Editorial: #MeToo

With the “Not an Invitation” displays around campus, we truly hope that our community will become more aware of the silent epidemic that plagues our world.

The most important part of the #MeToo movement is the fact that it has brought the issue out of obscurity. For too long people have been afraid to speak out on their experiences with sexual harassment or even recognize it when it happens.

The thing about the movement is that making an accusation is no longer a taboo. Because the issue is widely being discussed, people can now be informed about how these situations play out and how to avoid them. When it comes to the hashtag that started a movement, we hope that reflects that no outfit is asking for ‘it,’ no one deserves ‘it,’ and ‘it’ can happen to anyone.

As with any good movement, the #MeToo movement’s greatest benefit to our culture is that it has started conversations where there used to be silence. People who might otherwise be culpable in committing, or turning a blind eye to, sexual harassment and assault are now becoming more conscious of how their actions affect the people they wield power over. Holding abusers accountable is a great thing, people in power no longer accepting unacceptable behavior is better.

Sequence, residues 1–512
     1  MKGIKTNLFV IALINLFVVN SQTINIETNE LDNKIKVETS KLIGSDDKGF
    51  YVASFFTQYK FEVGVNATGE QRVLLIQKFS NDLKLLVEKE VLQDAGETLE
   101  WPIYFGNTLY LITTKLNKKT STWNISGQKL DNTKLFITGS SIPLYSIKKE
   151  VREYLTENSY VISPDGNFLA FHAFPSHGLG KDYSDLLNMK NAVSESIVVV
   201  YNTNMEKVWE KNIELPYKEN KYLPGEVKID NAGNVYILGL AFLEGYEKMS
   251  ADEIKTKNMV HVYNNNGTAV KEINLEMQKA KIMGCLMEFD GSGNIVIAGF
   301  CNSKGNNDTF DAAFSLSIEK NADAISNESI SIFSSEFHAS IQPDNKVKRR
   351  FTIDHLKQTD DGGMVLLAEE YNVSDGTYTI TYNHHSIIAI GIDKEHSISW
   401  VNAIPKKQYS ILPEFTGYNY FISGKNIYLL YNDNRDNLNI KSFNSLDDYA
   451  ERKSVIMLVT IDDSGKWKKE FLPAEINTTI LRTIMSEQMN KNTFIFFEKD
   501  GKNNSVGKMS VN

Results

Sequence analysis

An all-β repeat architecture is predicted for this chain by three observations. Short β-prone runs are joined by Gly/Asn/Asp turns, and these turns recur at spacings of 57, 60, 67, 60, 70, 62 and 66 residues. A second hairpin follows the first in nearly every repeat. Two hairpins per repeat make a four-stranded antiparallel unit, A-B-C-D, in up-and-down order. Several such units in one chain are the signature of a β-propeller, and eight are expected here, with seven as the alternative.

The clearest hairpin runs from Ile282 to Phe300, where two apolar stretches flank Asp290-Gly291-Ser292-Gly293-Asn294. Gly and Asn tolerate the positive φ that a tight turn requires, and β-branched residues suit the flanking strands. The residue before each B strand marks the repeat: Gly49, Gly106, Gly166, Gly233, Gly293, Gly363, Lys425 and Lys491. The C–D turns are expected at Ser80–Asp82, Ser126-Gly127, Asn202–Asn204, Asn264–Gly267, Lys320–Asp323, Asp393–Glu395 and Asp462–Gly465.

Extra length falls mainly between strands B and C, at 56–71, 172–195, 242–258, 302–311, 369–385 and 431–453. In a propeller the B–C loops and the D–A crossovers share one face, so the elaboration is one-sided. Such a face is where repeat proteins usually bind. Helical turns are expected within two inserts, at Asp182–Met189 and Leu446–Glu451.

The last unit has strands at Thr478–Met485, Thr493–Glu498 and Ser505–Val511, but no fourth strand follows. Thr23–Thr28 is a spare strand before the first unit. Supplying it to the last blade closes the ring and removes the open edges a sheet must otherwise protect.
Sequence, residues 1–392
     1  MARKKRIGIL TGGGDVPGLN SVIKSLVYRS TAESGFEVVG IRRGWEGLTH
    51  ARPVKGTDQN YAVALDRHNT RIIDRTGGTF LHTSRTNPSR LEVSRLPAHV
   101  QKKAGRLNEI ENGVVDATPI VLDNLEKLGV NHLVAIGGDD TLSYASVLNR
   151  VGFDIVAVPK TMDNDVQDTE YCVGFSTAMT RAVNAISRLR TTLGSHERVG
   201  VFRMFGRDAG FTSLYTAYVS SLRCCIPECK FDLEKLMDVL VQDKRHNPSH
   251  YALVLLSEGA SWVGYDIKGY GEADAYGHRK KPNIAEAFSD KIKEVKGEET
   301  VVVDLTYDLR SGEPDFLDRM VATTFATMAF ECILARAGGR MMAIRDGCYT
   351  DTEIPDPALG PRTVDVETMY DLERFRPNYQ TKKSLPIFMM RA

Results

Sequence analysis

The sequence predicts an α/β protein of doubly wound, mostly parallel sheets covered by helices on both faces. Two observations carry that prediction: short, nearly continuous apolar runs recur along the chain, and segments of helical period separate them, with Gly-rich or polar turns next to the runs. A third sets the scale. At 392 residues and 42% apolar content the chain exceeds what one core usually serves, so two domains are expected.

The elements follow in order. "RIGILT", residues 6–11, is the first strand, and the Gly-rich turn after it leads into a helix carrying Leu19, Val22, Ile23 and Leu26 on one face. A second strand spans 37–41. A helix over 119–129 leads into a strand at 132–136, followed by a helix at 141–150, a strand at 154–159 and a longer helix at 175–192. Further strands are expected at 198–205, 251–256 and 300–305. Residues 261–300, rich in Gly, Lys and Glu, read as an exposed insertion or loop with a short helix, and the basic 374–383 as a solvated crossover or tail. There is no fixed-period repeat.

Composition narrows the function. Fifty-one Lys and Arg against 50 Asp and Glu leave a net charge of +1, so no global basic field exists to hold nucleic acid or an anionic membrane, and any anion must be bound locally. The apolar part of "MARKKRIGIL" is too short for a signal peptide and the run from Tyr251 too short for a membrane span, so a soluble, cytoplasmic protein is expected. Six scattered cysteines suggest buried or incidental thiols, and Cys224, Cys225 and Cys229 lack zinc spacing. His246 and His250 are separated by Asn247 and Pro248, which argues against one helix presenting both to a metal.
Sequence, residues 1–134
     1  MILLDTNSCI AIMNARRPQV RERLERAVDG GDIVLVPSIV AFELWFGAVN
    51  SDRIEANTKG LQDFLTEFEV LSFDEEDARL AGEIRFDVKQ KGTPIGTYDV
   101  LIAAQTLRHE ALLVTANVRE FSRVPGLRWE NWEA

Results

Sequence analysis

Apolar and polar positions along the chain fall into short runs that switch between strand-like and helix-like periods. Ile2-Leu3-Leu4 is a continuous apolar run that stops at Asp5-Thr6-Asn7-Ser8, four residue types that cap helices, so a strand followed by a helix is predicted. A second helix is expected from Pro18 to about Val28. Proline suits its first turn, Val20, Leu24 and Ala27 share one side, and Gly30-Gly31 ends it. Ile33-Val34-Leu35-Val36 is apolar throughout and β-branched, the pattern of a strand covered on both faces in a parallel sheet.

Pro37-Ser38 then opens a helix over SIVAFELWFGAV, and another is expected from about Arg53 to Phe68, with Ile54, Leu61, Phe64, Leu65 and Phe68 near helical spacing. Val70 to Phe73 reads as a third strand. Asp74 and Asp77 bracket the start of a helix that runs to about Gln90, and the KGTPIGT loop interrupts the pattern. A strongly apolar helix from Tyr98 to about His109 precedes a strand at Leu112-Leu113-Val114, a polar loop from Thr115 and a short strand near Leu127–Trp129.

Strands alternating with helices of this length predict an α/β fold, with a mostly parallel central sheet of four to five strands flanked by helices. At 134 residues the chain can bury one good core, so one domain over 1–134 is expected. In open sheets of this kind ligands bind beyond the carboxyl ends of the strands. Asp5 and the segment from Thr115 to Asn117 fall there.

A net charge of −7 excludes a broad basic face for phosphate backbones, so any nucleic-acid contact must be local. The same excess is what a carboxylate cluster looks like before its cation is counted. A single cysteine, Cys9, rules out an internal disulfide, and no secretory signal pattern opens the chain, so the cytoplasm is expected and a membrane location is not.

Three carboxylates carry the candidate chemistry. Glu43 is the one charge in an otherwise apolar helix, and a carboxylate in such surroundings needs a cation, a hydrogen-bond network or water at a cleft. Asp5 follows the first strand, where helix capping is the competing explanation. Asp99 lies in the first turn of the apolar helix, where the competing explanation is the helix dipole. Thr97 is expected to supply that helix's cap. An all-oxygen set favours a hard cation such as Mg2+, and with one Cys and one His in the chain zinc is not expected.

One of the most impactful things about the movement really is the initial purpose of the #MeToo to empathize as well as empower women who, in the past, were forced to be vulnerable and silent. One of the most outstanding aspects of the movement is the fact that there are better options for reporting incidents of assault without fear of victim blaming.

All these people’s stories hit home for us. This is the time to spread awareness and prevent sexual harassment and assault in its roots.

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